India Inc battles Covid absenteeism

Mumbai: As Covid numbers rise across the country, organisations are dealing with unusual absenteeism at work. This is because a section of employees is either down with the disease themselves, or are on ‘care giver’ leave for a family member who may have contracted the virus. Business continuity plans are being put to good use with a backup for every role and work being prioritised.
Companies like Kellogg India gave out a call to action — ‘There to Kare – Step up, Step In’ — where every employee goes a step beyond their responsibilities to be there for their peers and colleagues and help deal with the challenges of additional workloads. Dabur India, on the other hand, is covering up for absenteeism through job enlargement and managing workload through cross-functional teams. Many firms are also using temp workers to fill in for staff who may be on leave due to Covid.
Kellogg South Asia director (HR) Nimisha Das said, “To fully gauge the impact on the organisation, we have been tracking not just Covid-positive cases but presumptive cases as well, where employees’ family members are affected. In either case, this requires time away from work and downtime for people to recuperate. Last month, at the peak of the second wave, at a given point in time a part of our workforce, including extended workforce, was impacted and away from work. Since then, this number has come down to 5%.”
Given this scenario, Kellogg crafted a two-level business continuity plan designed by the leadership team to look at how the organisation can operate in a ‘worst case’ scenario. This plan factored in contingencies to the second level if one person were indisposed.
“Our actions were focused on two aspects. The first one was to bolster organisational capacity by ensuring that we have a backfill identified for every critical role. In certain cases, we even explored opportunities where external consultants could be brought in to supplement the organisational capacity. The second focus was what we call ‘60-Day Prioritisation’. It was a bottoms-up exercise done to ensure that we focus on only core work and reduce work and meetings by 30% starting at the leadership level down to the frontline workers. This created space and energy for our people to manage core work with full safety, while letting them take care of themselves and their families,” said Das.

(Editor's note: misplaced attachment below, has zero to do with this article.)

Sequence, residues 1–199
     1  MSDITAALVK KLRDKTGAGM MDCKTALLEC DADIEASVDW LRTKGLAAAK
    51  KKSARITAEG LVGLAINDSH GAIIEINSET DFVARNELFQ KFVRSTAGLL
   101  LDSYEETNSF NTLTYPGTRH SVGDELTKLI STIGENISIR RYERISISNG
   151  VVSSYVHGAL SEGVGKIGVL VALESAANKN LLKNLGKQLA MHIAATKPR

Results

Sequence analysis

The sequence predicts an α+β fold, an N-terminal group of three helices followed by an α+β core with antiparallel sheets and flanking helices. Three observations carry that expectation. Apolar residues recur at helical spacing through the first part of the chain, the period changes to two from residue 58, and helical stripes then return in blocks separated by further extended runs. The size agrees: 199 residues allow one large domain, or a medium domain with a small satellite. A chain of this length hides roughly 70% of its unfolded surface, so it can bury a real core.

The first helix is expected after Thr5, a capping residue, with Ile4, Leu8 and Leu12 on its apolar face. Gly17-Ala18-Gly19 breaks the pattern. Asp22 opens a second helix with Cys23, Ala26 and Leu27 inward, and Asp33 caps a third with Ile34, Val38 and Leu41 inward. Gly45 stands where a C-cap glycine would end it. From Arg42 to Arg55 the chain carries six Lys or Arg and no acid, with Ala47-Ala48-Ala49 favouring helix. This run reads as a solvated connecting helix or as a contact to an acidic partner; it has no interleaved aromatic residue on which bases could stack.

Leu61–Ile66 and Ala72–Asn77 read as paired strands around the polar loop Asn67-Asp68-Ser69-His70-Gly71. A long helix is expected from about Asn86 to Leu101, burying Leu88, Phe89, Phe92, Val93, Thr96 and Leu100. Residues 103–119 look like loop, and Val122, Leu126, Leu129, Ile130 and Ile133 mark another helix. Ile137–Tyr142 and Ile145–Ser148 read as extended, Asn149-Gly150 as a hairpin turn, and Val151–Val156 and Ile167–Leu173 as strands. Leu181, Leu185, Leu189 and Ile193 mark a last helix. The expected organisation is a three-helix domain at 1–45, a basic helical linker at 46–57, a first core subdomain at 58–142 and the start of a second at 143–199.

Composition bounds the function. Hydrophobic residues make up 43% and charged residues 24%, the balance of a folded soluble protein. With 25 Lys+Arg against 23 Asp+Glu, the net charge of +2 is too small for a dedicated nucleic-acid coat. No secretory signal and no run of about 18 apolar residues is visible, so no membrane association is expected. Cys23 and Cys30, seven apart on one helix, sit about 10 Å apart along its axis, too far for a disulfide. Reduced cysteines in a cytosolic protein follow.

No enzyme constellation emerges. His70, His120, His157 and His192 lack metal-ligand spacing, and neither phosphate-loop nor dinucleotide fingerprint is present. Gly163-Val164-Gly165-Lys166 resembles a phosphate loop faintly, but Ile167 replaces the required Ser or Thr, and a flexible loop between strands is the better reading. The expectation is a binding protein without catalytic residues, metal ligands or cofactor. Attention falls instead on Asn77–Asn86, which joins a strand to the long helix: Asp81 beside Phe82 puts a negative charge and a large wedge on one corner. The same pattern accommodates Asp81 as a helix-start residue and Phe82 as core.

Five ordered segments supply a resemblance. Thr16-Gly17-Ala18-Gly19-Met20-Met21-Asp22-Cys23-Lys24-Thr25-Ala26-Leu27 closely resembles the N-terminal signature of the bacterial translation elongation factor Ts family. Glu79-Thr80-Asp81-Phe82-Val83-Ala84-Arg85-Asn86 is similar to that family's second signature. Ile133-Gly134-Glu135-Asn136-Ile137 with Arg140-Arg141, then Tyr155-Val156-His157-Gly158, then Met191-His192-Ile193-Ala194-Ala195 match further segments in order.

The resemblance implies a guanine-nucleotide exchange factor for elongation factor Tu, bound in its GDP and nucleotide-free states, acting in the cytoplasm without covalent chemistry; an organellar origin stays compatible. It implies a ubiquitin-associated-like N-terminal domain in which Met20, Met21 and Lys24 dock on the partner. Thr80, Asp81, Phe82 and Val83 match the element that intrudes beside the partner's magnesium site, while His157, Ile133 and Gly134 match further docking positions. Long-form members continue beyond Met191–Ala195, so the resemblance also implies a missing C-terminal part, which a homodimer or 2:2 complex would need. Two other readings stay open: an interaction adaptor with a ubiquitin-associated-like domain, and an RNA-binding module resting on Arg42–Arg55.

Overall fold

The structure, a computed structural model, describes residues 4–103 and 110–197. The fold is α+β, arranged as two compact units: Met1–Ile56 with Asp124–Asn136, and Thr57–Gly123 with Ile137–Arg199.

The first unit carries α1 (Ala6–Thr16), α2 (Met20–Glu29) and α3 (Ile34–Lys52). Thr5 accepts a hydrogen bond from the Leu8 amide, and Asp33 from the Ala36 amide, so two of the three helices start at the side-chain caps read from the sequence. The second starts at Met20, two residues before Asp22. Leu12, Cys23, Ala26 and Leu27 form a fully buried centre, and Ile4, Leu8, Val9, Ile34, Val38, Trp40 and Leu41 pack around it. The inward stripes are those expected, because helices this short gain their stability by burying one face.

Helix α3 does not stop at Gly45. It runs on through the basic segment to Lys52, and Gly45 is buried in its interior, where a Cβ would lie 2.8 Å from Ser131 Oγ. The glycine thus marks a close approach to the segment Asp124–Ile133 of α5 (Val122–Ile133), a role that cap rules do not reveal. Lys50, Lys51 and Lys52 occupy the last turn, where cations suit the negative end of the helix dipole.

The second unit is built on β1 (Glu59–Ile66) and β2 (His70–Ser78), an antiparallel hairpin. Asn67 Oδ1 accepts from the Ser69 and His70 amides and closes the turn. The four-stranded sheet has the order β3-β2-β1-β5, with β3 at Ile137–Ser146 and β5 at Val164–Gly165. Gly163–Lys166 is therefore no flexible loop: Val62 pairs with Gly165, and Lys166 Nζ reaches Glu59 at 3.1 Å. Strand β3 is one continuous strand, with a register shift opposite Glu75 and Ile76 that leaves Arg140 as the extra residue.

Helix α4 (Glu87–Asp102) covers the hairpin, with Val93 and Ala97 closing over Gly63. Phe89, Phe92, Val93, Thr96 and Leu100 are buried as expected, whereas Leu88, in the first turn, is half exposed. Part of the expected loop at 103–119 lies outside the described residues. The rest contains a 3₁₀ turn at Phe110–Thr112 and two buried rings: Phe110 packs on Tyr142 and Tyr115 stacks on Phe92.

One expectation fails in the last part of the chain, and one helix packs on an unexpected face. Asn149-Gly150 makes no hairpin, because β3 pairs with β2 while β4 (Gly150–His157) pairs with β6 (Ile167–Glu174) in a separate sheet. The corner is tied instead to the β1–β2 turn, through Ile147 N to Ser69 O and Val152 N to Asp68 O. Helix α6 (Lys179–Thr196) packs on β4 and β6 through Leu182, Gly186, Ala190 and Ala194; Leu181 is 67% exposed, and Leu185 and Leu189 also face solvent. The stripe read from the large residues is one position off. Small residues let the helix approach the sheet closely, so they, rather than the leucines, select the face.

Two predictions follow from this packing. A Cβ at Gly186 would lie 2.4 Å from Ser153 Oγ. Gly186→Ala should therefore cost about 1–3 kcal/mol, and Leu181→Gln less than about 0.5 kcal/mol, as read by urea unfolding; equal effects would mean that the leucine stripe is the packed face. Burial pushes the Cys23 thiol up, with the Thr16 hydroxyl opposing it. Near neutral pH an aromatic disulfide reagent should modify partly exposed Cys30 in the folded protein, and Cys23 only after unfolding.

As the severity of the Covid situation increases, Dabur India has put in place a series of measures so that business remains fully functional. Dabur India executive director (HR) Biplab Baksi said, “At Dabur, we have a sympathetic and collaborative work culture with support coming from all layers in the hierarchy. We are trying to cover for absenteeism through job enlargement of other team members for a specific period. Besides, the workload is being managed with cross-functional support and pooling of resources across functions. In some cases, we have enhanced working hours and added fixed-period temporary resources to manage deliverables.”
Max Life Insurance follows an agile business continuity programme that is tailored according to varied functional needs. “To ensure that business processes remain unaffected due to the current situation, we have introduced focused business continuity programmes that enable employees to put their health first with a minimal effect on day-to-day organisational activities,” said Max Life Insurance’s chief people officer Shailesh Singh.
A number of companies today offer Covid or vaccination leaves. Some even offer unlimited leaves to employees to manage their work-life balance in a stressful environment. Given the stress, it also means employees are taking more ‘mental breaks’ than before, adding to the absenteeism due to Covid.
According to a recent survey by HappyPlus Consulting, a tech-enabled happiness solutions provider, amid concerns of rising number of corona cases and the soaring number of deaths on one hand and the inability to manage work-life balance on the other, employees across organisations are working under immense stress. The study, which covered 2,500 respondents, said nearly 54% are often in the stress zone, while around 39% need immediate attention to manage their anxiety and stress.